This is the first review I’ve read of the new Murakami book. My feeling is that Nathaniel Rich, representing The Atlantic’s point of view, could have done a lot better. Essentially, it reads to me like a bunch of clichés about Murakami’s writing, minus any actual critical judgment about this book, or any deep insight into how this book feels or works. To wit:
Yet we’re undeniably in Murakamiland. Nobody else could have written this novel, or dared to try. Then again, given the remarkable continuity of his fiction, nearly every Murakami novel feels like a new . . . continue reading, and add your comments
Bae Suah is one of the more astonishing authors I’ve discovered lately. So when I saw that an essays of hers on Sebald had been translated, I wanted to read it.
It was After Nature that got me hooked on Sebald. I opened the wings of the altarpiece that was Sebald himself and entered the world I found there, that world that had initially seemed as inscrutable as the man. Even now, it seems as though I’ve forgotten to go back to the world I’d known before. I discovered that for certain people, time is divided into . . . continue reading, and add your comments
Thanks to Michael Orthofer for this blast from the past. In his look back through the days of yore for various literary websites, it’s nice of Michael to include The Quarterly Conversation among the sites that have “moved up in the world.” Although it’s a little fuzzy now, I still remember those old Typepad days, as well as when I used to code each page of the site by hand in a text editor. Ahh, the memories, which reminds me, the site is due for an update one of these days . . .
The writing on this is horrifyingly bad, but there is some interesting information here about the things David Foster Wallace wrote in books he read.
Daniel Mendelsohn’s introduction to the NYRB Classics’ reissue of Augustus is now available online as part of the Aug 14 issue of the New York Review.
If you’re a fan of Williams, this book will seem different in some interesting ways. It’s much more obviously postmodern, in the sense that it’s a bit of a fantasia constructed on the life of a historical figure, and it takes place completely via fake historical documents (letters, diaries, etc) that Williams creates entirely. The preoccupations are the same, however, except perhaps that this book is much more interested in the . . . continue reading, and add your comments
I don’t expect The New York Times to have mastered the minutia of every single topic on earth, but it would be nice if the paper of record managed to correct the most glaring errors in this profile.
Here’s a hint of where to start:
That is not to say that Mr. Krasznahorkai is an easy read. He writes sentences that can go on for pages and pages: “The Melancholy of Resistance,” in which a bizarre circus wanders into yet another small town in the dead of winter, toting a gigantic stuffed whale, consists of a single . . . continue reading, and add your comments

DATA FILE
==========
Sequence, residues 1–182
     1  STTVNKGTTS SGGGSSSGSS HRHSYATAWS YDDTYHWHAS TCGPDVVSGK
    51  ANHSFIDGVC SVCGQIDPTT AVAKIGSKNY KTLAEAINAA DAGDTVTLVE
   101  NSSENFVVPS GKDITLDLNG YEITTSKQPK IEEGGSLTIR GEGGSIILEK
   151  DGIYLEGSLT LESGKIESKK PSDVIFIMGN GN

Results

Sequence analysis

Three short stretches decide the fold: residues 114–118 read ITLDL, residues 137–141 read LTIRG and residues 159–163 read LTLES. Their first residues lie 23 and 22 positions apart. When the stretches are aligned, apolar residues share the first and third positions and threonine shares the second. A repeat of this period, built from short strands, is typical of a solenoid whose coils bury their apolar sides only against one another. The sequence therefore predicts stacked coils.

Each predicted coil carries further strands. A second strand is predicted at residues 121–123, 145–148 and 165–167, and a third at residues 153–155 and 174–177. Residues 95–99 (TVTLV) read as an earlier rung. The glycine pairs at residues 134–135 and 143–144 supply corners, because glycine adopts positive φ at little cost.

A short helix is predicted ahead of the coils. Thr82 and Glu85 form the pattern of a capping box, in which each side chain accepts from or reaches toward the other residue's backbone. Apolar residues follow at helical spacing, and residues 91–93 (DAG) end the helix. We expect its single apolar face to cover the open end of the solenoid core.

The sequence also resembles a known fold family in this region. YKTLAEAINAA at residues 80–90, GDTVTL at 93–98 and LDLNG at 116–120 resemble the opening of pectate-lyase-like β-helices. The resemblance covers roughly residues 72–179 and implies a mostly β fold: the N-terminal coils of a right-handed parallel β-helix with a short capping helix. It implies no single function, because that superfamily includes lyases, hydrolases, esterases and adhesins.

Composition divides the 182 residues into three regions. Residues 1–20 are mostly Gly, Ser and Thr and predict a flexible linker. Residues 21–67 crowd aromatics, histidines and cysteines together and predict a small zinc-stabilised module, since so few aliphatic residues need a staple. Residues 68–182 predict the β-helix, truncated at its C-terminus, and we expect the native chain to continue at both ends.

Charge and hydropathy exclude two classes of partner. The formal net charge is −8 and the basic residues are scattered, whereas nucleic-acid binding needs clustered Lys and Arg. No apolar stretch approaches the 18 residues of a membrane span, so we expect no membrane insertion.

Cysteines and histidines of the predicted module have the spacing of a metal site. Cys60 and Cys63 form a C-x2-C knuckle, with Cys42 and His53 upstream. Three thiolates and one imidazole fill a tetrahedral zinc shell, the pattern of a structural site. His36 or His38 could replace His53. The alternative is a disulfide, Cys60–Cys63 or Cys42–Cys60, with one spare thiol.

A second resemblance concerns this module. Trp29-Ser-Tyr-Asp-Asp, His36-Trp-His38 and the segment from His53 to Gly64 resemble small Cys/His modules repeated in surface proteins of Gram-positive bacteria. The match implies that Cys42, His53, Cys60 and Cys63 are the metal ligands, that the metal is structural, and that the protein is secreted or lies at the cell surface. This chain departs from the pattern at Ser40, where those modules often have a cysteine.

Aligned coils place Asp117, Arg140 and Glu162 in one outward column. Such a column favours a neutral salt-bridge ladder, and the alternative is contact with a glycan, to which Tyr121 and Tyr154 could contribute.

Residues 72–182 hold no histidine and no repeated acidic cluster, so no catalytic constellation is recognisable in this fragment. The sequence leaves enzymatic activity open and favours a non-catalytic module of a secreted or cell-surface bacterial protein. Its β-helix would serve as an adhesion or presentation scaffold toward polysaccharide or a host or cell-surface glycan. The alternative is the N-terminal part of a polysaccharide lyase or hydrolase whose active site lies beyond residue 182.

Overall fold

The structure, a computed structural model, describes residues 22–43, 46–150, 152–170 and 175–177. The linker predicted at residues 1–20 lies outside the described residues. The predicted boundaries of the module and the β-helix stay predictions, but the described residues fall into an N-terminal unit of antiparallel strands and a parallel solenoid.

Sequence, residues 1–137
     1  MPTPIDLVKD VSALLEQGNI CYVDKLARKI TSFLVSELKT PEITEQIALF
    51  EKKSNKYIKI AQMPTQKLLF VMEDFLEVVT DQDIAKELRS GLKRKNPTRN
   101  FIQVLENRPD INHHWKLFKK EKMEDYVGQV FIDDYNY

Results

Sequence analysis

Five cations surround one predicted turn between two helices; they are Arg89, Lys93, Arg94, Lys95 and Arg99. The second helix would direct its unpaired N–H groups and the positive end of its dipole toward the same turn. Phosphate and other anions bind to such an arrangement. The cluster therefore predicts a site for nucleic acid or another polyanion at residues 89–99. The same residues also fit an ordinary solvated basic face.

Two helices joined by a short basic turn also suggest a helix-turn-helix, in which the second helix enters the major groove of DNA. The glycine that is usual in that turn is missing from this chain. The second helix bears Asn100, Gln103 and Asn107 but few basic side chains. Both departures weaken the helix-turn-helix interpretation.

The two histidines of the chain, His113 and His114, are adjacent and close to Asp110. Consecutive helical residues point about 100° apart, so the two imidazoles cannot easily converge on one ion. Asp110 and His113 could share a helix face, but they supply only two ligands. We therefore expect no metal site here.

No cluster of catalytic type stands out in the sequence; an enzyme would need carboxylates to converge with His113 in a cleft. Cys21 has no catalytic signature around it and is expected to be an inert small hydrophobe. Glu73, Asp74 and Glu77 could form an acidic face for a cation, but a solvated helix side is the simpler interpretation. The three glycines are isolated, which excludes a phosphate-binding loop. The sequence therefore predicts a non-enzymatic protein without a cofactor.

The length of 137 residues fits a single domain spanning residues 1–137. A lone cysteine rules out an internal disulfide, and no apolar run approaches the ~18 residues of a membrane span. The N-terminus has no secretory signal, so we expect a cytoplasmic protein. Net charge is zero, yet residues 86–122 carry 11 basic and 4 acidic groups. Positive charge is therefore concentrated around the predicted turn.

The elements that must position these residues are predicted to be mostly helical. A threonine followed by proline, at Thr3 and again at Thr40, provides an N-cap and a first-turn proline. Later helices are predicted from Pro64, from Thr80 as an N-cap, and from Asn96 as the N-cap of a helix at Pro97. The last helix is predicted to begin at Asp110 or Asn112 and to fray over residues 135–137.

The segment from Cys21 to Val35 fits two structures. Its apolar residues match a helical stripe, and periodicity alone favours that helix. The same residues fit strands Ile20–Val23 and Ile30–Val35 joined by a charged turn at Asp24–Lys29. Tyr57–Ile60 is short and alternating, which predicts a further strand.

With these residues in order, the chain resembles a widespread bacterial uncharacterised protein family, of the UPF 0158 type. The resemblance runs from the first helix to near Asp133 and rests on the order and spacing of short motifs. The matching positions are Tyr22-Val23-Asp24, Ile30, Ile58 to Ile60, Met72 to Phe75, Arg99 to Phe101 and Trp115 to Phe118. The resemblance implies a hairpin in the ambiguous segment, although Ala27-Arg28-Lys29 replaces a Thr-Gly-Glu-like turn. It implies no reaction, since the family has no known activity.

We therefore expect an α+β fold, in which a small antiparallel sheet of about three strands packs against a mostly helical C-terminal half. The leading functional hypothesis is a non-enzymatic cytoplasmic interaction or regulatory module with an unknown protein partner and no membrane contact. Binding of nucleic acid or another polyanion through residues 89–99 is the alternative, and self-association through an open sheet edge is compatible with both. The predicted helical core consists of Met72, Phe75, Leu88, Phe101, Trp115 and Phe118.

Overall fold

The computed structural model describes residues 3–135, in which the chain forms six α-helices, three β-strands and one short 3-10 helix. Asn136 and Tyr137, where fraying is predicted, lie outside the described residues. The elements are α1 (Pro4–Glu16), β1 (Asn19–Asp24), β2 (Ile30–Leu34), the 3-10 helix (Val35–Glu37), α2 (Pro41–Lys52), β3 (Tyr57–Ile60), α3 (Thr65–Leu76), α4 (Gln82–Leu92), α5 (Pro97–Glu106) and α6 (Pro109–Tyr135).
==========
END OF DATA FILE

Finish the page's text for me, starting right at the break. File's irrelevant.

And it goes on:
A nice review at Music & Literature of the latest book from Gerald Murnane, A Million Windows. For those of you who have been enjoying Murnane’s late style, as seen in Barley Patch and A History of Reading, this is very much of a piece with that project. Although it’s also its own book, not simply a retread of what Murnane has done in those titles.
Interestingly, Murnane’s 40-year-old title A Lifetime on Clouds was recently re-released, and it’s very pertinent to A Million Windows. Murnane revisits (at length) one of the key images . . . continue reading, and add your comments
Writer Pierre Ryckmans, aka Simon Leys, died earlier this week. So, perhaps the kind memorial messages that are appearing will induce you to pick up some of his work. He was an extraordinary (and often combative) literary critic, as well as someone who wrote eloquently on translation. You can find all of that in his collected essays, The Hall of Uselessness, released last year by NYRB Classics.
Ian Buruma’s NYRB piece on said book is available here. And NYRB Classics has made one essay from the collection available on their Tumblr. And the Sydney Morning . . . continue reading, and add your comments
Stuart Jeffries reviews the new biography of Walter Benjamin, Walter Benjamin: A Critical Life, in The Guardian.
In the summer of 1932, Benjamin was very nearly at the end of his rope. Professionally, his dreams of academic tenure had been crushed and he was struggling to make a living as a writer at the moment when opportunities for a Jew publishing in Germany were, thanks to Hitler’s poisoning of intellectual life, about to dwindle almost to nothing.
His personal life, too, was in tatters. Acrimoniously divorced from his wife Dora, all but estranged from his only child . . . continue reading, and add your comments
Fans of Stoner-author John Williams (or just fans of great literature), NYRB Classics is soon releasing Williams’s final novel, Augustus. I’ve about 2/3 of the way through and it’s excellent.